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Comparisons of referral criteria for public screening of blood cholesterol levels.
  • Published Date:
    1989 Sep-Oct
  • Source:
    Public Health Rep. 104(5):425-432
  • Language:
    English
Filetype[PDF-1.79 MB]


Details:
  • Pubmed ID:
    2508171
  • Pubmed Central ID:
    PMCnull
  • Description:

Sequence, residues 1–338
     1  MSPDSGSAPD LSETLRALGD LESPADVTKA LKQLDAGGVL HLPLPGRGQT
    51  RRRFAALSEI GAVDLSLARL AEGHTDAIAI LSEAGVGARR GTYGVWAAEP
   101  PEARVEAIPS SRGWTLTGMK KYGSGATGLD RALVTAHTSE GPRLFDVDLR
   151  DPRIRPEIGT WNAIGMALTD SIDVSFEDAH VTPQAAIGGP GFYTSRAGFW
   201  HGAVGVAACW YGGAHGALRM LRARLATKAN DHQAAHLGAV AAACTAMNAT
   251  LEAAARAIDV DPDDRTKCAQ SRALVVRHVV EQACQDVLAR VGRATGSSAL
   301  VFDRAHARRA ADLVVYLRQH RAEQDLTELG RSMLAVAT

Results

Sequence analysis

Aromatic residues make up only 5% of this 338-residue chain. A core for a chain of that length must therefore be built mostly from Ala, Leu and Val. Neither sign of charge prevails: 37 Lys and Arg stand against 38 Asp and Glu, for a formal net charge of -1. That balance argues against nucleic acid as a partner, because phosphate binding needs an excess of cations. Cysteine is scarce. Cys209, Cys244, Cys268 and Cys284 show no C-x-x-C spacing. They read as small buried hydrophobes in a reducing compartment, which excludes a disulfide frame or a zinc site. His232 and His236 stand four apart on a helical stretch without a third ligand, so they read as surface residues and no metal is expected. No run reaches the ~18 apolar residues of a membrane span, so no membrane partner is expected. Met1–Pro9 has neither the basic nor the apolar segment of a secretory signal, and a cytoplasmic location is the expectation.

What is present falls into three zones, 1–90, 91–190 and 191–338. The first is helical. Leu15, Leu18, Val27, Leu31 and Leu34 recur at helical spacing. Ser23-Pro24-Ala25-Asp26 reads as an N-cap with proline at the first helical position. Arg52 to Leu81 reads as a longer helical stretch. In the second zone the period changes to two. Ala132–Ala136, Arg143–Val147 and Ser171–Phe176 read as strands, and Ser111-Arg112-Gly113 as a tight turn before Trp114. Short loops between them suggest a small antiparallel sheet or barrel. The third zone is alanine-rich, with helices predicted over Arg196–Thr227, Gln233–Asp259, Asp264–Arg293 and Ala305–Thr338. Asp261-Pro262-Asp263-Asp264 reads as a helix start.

Total and high-density lipoprotein (HDL) cholesterol levels of 2,387 adults were screened at a worksite and a bloodbank. Hypothetical referral decisions were made according to three sets of guidelines: the 1984 National Institutes of Health Consensus Conference guidelines (NIHCC), a single referral cutpoint of 5.2 millimoles per liter (mmol per L), and the current National Cholesterol Education Program (NCEP) guidelines for screening in physicians' office. Under the NIHCC guidelines, 31 percent of the participants would have been referred to their physicians, 32 percent under the NCEP guidelines, and 56 percent would have been referred had the 5.2 mmol per L cutpoint been used. Twenty-four percent of the participants would have been referred under both the NIHCC and NCEP guidelines; 7 percent would have been referred under the NIHCC guidelines, but not the NCEP's. Eight percent would have been referred under the NCEP guidelines, but not the NIHCC's. Those who would have been referred were older, and more likely to be male and to have low levels of HDL cholesterol than the 7 percent who would have been referred under NIHCC guidelines only. All of the 8 percent had coronary heart disease, or two or more other coronary risk factors, whereas none of the 7 percent did. If low HDL had been used as a risk factor under NCEP guidelines, the number of persons referred would have increased slightly (to 34 percent) and low HDL levels would have become one of the most prevalent risk factors. The researchers concluded that public cholesterol screening programs should use the NCEP guidelines (with or without HDL), rather than the NIHCC guidelines, or a single 5.2 mmol per L cutpoint.

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